Collapse of Complex Systems III: Incremental Change and Collapse (February 25, 2009)
A host of beneath-the-surface causes cannot be eradicated by incremental reforms, policy tweaks and giveaways. Masking the problem does not make the cause go away.
This month I've attempted to describe deep cultural and economic causal trends which are unaffected by stimulus packages and policy tweaks. Here are several recent entries on this broad theme:
What Won't Change
The Middle Class Is Crumbling
Complacency and The Will To Radical Reform
Complacency and Scalability Traps
Structural causes identified in the above entries include:
1. demographics (retirement benefits unaffordable)
2. financial deleveraging
3. top-heavy, high-cost U.S. economy
4. rising interest rates
5. de-scaling of large enterprises/structural job losses
6. scalability trap/structural job losses
7. crippling regulation and overhead burdens on small business
8. cultural complacency
9. "head-fake" drop in energy removes incentives for alternative energy
Let's add a few more today.
In The Fall of the Roman Empire , author Michael Grant identified political disunity as one the one key causes of the fall of the Western Roman Empire (Rome).
One engine of such disunity and squabbling, of course, is a deep-denial complacency: if a large percentage of the ruling class/citizenry sees nothing wrong, or counts on feeble "reforms" to resolve mounting global challenges, then they will hobble those seeking systemic, sweeping changes required to survive the challenges.
Another key reason for this crippling disunity is the resistance of the plutocracy/welfare recipients to any change in the status quo. It may strike some as ironic that the two ends of the political spectrum are united in one goal: fiercely resisting any shifting of largesse/benefits. At the top, the "fortunate 400" in Roman society paid less and less tax as the crises mounted, while 300,000 fortunates at the bottom rung continued to draw free bread and 170 days of free public entertainment in Rome as the Empire collapsed inward on Rome.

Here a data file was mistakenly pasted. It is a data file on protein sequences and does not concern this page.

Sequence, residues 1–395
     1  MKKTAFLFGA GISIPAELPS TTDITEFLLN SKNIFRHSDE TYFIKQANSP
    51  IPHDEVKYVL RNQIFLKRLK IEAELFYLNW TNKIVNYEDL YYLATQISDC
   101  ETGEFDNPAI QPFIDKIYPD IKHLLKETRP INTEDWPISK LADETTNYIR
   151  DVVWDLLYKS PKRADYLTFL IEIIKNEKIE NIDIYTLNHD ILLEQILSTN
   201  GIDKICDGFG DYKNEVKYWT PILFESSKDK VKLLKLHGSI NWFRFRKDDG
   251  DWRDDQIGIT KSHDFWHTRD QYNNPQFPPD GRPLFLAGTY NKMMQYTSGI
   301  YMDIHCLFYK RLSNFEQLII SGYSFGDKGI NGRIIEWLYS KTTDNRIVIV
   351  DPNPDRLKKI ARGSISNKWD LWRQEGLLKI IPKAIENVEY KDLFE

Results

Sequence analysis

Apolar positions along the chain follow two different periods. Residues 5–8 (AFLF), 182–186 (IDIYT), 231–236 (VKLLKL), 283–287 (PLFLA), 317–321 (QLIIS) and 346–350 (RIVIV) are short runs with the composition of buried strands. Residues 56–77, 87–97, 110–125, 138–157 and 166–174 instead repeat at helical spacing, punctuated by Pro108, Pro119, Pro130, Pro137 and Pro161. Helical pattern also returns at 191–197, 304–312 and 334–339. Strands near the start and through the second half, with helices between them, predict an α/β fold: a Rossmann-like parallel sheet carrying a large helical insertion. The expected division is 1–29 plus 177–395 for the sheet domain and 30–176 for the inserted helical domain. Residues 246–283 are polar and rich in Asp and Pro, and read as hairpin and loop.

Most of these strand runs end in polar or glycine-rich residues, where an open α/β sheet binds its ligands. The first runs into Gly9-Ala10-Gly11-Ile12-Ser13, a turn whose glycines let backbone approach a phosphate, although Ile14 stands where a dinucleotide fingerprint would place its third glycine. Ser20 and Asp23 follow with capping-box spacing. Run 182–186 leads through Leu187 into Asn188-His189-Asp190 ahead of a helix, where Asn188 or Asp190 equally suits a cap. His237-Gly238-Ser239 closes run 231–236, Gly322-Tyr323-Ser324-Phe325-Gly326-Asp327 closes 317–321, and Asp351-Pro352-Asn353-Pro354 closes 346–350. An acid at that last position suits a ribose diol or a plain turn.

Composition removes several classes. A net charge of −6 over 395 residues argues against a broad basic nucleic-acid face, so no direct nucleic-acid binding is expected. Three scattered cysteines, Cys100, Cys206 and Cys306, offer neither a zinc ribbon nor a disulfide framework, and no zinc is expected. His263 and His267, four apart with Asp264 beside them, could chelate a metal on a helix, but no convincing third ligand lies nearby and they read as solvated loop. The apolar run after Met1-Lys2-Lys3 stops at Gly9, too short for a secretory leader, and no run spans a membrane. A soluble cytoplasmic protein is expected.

We see plentiful evidence of both trends around us. The number of political appointees who felt paying taxes was for plebians is not just embarrassing, it's indicative of a broad cultural trend; and it seems many of the riots we read about in western Europe stem from proposed cuts in what are essentially "bread and circuses" welfare benefits which the Empire can no longer afford to shower on its residents.
As the plutocracy contributes less and less to the finances of a heavily burdened central
government, wealth disparity rises. This trend has been firmly in place for years.
Friday Quiz: The Fortunate 400 (January 30, 2009)
As in fast-declining Rome, the plutocracy is pleased to wield its wealth and influence to insure it pays 17% tax rate (much, much less when tax-free muni bonds are counted as income) while the productive elements of the economy are saddled with 40%-50% tax burdens.
Also as in headed-to-oblivion Rome, the plutocracy no longer contributes its sons and daughters to military service; that is left to the poor.